The Tests

When testing hard drives, we looked at three aspects of performance: speed, portability, and build quality.

Speed is important because the faster the drive can read and write data, the quicker it backs up your data or copies your files. We looked at speed by using a series of hard drive testing programs, including the Data Drive benchmark of PC Mark 10, Crystal DiskMark, and our own drive test. This test involved timing how long it took to copy a large 2.7GB file (in this case, the installation file for the Ubuntu OS) from the fast internal SSD on my MacBook to the external hard drive being tested. This file transfer represents a good indication of how long it will take to copy a large movie file or a collection of music files to the disk.

For portability, we considered each external hard drive’s weight, cables and other features that make a drive easier, or more difficult, to carry around. Finally, we consider each drive’s build quality, paying attention to how robust the drive is, and whether it’s designed to be set up at a workstation or tough enough to handle casual abuse while being carried around.

What You Should Know About Buying an External Hard Drive

Many people use hard drive as a blanket term for computer storage. However, there are some important differences, between hard drives and solid-state drives:

Hard drives store the data on a spinning metal-coated glass disk (called the platter) with a read-write head that moves around the drive, reading the magnetic data or writing new data. The biggest advantage that hard drives have over solid-state drives is that they cost significantly less, per gigabyte. However, they're comparatively fragile: the platter of a hard drive can be damaged if the drive is bumped or moved quickly while operating. Solid-state drives do not have this issue.

Solid-state drives (SSDs) store data in a computer chip, like a camera memory card. The advantage of SSDs is that they are faster and less liable to be damaged from rough treatment because there are no moving parts. While they have been around for a number of years now, SSD storage is still expensive, in comparison to the per-gigabyte cost of a hard drive.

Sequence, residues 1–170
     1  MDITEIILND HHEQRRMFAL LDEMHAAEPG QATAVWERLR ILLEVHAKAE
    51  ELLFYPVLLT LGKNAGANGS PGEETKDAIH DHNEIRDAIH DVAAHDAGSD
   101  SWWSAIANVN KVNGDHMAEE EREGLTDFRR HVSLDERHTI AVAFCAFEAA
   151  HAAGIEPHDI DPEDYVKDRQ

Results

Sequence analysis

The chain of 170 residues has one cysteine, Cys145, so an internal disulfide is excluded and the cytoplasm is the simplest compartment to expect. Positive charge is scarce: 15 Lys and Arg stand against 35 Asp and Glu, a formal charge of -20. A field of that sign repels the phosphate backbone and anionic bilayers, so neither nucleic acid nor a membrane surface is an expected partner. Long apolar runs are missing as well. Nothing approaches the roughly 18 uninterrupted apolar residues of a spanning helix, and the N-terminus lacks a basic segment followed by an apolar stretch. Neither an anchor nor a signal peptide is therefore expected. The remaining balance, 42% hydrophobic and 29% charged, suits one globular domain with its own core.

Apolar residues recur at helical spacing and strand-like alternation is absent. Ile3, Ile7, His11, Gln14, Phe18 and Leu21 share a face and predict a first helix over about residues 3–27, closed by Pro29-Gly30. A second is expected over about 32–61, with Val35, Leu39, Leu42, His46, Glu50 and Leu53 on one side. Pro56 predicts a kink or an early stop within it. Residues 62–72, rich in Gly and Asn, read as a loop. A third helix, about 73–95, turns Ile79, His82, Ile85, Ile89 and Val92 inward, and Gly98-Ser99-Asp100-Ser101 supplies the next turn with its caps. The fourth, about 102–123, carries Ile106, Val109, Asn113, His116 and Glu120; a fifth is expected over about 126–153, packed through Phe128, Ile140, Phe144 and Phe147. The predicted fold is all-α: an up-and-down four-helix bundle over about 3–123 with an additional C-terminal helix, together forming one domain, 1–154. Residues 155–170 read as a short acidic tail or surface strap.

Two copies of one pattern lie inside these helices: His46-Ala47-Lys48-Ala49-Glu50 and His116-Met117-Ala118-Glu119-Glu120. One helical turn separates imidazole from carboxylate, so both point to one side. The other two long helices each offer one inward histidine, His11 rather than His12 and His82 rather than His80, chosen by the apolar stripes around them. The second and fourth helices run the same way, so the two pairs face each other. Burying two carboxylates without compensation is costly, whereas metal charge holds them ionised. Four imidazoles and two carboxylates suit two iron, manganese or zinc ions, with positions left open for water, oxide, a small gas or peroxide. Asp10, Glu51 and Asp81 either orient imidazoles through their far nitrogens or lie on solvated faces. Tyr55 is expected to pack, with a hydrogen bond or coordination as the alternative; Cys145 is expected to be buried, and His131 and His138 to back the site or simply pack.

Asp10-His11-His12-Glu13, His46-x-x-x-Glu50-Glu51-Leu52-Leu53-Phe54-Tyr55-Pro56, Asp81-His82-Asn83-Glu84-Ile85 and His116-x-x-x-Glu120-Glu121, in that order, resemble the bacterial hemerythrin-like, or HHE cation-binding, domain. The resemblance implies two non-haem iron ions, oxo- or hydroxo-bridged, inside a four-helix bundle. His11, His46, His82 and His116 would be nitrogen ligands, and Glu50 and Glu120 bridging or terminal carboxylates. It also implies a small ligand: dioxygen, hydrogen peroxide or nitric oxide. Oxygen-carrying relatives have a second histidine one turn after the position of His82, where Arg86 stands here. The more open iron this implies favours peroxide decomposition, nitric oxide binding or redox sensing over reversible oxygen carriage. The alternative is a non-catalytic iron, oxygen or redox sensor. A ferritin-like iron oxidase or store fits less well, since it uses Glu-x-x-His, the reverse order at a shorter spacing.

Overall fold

Know Your Ports

Currently, there's no single standard for connecting an external hard drive to a computer. These are the ones that you're most likely to run into:

  • USB 3.2 Gen 1: USB 3.2 devices of both generations use USB-C sockets, which are small with rounded edges. If you have an older computer with old-style rectangular USB ports, USB 3.2 devices are still compatible with an appropriate cable. Most portable hard drives include cables for both USB-C and USB ports.
  • USB 3.2 Gen 2: The latest and fastest standard for how computers connect to external devices such as portable hard drives. USB 3.2 devices (like many of the portable hard drives we tested here) can send or receive data at up to 10 GB/sec, twice as fast as the previous standard
  • Thunderbolt 3 & 4: Another standard for how computers connect to devices. Thunderbolt 3 and 4 devices are compatible with USB 3.2 ports, as they use the same USB-C type port.

A Word on Hard Drive Speeds

Hard drives are complicated products, and there are a number of factors that can affect how quickly data can be read from or written to the drive. These include the type of data and the speed of the connection. It is slower, for instance, to write a lot of small files to a drive than a single large file, because the computer has to do a lot of background tasks to keep track of the small files.

The connection that the hard drive has to the computer can also make a big difference. If, for instance, you have a USB 3.2 Gen 2 drive connected to a computer that only has USB 2 ports, the data will take longer to copy because the USB 2 port will limit the speed at which data can be sent. While testing the external hard drives featured in this guide, we used a computer that supports USB 3.2 Gen 2 and Thunderbolt 3 so that we could see the best speeds that the drive is capable of. If your external hard drive is running slower than you think it should, check that it is plugged into the fastest port available, or consider upgrading your computer.

One of the most commonly mentioned features you’ll see associated with a hard drive is its revolutions per minute (rpm). This is a measure of how fast the platter that holds the hard drive’s data spins around. Some drives run at 5400rpm, others at 7200rpm. The latter can read and write data faster because of the higher speed.

2.5-Inch Hard Drives vs. 3.25-inch Hard Drives